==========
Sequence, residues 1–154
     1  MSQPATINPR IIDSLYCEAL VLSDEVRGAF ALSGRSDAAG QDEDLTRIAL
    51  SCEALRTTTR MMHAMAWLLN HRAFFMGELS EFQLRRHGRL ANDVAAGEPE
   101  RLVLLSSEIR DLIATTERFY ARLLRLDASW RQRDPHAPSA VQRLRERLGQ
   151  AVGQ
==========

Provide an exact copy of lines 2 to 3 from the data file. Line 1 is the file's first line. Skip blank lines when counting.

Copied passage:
     1  MSQPATINPR IIDSLYCEAL VLSDEVRGAF ALSGRSDAAG QDEDLTRIAL
    51  SCEALRTTTR MMHAMAWLLN HRAFFMGELS EFQLRRHGRL ANDVAAGEPE